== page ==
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Publication numberUS2765257 A
Publication typeGrant
Publication dateOct 2, 1956
Filing dateJul 8, 1954
Priority dateJul 8, 1954
Publication numberUS 2765257 A, US 2765257A, US-A-2765257, US2765257 A, US2765257A
InventorsBlackburn James M
Original AssigneeBlackburn James M
Export CitationBiBTeX, EndNote, RefMan
External Links: USPTO, USPTO Assignment, Espacenet
Nail polish remover and cuticle softener
US 2765257 A
Abstract  available in
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Claims  available in
Description  (OCR text may contain errors)

United States Patent NAIL POLISH REMOVER AND CUTICLE SOFTENER James M. Blackburn, Palo Alto, Calif.

No Drawing. Application July 8, 1954, Serial No. 442,189

3 Claims. (Cl. 167-85) This invention relates to a combination nail polish remover and cuticle softener.

Nail polishes are well-known which consist of nitrocellulose lacquers containing coloring materials. Such lacquers must be replaced from time to time and before a new coating of nail polish can be applied, the old polish must be removed. At such times, it is common practice to not only remove the old polish, but also apply a material around the nail which Will soften the cuticle, enabling the cuticle to be pushed back. In the past, it has been necessary to employ two separate solutions for accomplishing these results. First, it has been necessary to apply a lacquer solvent to soften the lacquer and then apply a cuticle softener before the cuticle is pushed back.

It is the object of the present invention to provide a single solution which will soften and enable the removal of finger nail lacquers and, at the same time, soften the cuticle so that it may be readily pushed back.

Although many solvents may be used to soften or remove the lacquer, such as acetone and butyl acetate, such solvents frequently make the polish smear upon removal so that ordinarily other substances are added to the solvent to keep the softened lacquer from smearing and staining the fingers.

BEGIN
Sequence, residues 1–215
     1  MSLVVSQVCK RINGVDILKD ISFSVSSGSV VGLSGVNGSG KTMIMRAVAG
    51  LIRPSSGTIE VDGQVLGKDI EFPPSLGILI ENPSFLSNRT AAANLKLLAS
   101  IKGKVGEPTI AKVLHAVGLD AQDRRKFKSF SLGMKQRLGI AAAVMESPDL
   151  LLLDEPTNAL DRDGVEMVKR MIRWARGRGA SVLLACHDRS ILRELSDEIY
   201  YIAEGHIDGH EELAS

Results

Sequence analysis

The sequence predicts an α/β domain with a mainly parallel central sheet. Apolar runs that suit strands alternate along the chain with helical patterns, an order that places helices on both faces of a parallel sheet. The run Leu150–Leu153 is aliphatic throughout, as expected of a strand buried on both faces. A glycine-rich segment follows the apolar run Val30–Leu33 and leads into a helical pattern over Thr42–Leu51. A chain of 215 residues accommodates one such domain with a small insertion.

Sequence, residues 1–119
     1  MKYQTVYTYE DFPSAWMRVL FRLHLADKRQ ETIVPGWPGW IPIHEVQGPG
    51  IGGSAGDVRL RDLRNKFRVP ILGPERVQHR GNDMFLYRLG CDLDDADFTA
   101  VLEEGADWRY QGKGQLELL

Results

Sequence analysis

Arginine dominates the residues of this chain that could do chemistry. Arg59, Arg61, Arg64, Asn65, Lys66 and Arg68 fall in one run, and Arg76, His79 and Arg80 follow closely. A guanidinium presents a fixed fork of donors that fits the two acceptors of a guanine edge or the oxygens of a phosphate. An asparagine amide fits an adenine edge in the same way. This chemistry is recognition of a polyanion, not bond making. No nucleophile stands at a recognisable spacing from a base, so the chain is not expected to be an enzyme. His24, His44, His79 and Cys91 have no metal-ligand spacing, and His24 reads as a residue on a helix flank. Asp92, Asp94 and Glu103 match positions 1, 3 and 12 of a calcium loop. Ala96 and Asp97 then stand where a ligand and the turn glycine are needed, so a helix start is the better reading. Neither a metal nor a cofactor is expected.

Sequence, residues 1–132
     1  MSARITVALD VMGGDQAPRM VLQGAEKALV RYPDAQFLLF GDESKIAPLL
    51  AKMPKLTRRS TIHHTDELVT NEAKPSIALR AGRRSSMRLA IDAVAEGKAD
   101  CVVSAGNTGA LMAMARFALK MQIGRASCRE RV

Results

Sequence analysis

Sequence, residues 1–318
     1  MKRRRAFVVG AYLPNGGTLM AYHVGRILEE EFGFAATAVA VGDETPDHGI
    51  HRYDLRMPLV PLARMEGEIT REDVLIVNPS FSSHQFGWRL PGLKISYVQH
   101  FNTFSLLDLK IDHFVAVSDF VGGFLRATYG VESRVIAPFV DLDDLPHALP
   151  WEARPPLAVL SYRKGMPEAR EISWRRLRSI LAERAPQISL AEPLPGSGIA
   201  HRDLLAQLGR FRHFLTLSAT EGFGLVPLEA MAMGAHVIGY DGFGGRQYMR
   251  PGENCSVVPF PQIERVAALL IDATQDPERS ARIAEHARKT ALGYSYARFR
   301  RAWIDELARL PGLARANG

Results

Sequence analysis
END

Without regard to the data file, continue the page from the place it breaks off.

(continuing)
The material of the present invention not only serves as an efficient remover of polish and as a cuticle softener, but also has the highly desirable property of not causing the softened lacquer to run or smear.

An essential part of the present invention is the use of sulfonated mineral oil. This acts as an effective cuticle softener. It has been found that sulfonated mineral oil is effective for this purpose While other sulfonated oils, such as animal and vegetable oils, are not effective.

I have found that by combining acetone or butyl acetate with dibutyl-phthalate, butyl acetyl ricinoleate and sulfonated mineral oil, a combination polish remover and cuticle softener may be made which has all of the above recited desirable properties.

In carrying out the invention, any sulfonated mineral oil may be used, but I have found that the material sold under the name of Sonaquol, manufactured by L. Sonneborn Sons, is particularly suitable for this purpose. In making the polish remover, it is only necessary to combine the various ingredients, as they are all miscible with each other, in the percentages used.

As a preferred embodiment of this invention, I first combine 85% by volume of acetone or butyl acetate with 5% by volume of dibutyl phthalate and 10% by volume of butyl acetyl ricinoleate. This produces a solvent solution and to 90% of the solvent solution, I add 10% by volume of sulfonated mineral oil, to produce the finished polish remover and cuticle softener.